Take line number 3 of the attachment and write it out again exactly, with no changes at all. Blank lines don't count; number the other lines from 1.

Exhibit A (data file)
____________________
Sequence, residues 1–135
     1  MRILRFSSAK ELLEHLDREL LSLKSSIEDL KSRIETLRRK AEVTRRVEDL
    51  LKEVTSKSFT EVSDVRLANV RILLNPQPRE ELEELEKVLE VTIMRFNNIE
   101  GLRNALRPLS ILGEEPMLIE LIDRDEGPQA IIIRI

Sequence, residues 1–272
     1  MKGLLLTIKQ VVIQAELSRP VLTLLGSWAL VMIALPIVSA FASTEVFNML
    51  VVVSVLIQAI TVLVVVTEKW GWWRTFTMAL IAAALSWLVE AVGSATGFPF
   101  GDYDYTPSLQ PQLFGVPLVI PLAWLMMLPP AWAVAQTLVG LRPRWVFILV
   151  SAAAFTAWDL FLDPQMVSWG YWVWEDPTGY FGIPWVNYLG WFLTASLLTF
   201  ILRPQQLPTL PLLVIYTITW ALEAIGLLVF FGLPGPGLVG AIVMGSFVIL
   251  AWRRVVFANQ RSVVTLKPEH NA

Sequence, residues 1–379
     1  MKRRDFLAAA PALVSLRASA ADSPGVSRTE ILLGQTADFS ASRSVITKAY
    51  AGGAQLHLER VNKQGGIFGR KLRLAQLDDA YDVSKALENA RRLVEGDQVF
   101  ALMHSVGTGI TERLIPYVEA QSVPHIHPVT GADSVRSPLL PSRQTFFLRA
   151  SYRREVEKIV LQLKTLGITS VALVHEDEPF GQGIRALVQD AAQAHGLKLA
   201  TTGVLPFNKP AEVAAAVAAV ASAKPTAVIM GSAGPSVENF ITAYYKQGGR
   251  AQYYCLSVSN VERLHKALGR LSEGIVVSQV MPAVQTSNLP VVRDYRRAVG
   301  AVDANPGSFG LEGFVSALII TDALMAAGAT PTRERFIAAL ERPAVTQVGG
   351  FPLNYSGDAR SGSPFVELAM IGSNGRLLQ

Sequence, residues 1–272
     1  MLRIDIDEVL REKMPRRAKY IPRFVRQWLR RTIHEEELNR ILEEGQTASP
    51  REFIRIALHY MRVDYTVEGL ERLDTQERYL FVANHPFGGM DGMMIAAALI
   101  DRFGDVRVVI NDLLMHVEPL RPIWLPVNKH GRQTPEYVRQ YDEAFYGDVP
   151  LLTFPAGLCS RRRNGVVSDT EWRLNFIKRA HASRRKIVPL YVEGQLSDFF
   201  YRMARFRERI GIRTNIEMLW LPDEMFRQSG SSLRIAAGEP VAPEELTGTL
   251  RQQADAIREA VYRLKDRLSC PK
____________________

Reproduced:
    51  LKEVTSKSFT EVSDVRLANV RILLNPQPRE ELEELEKVLE VTIMRFNNIE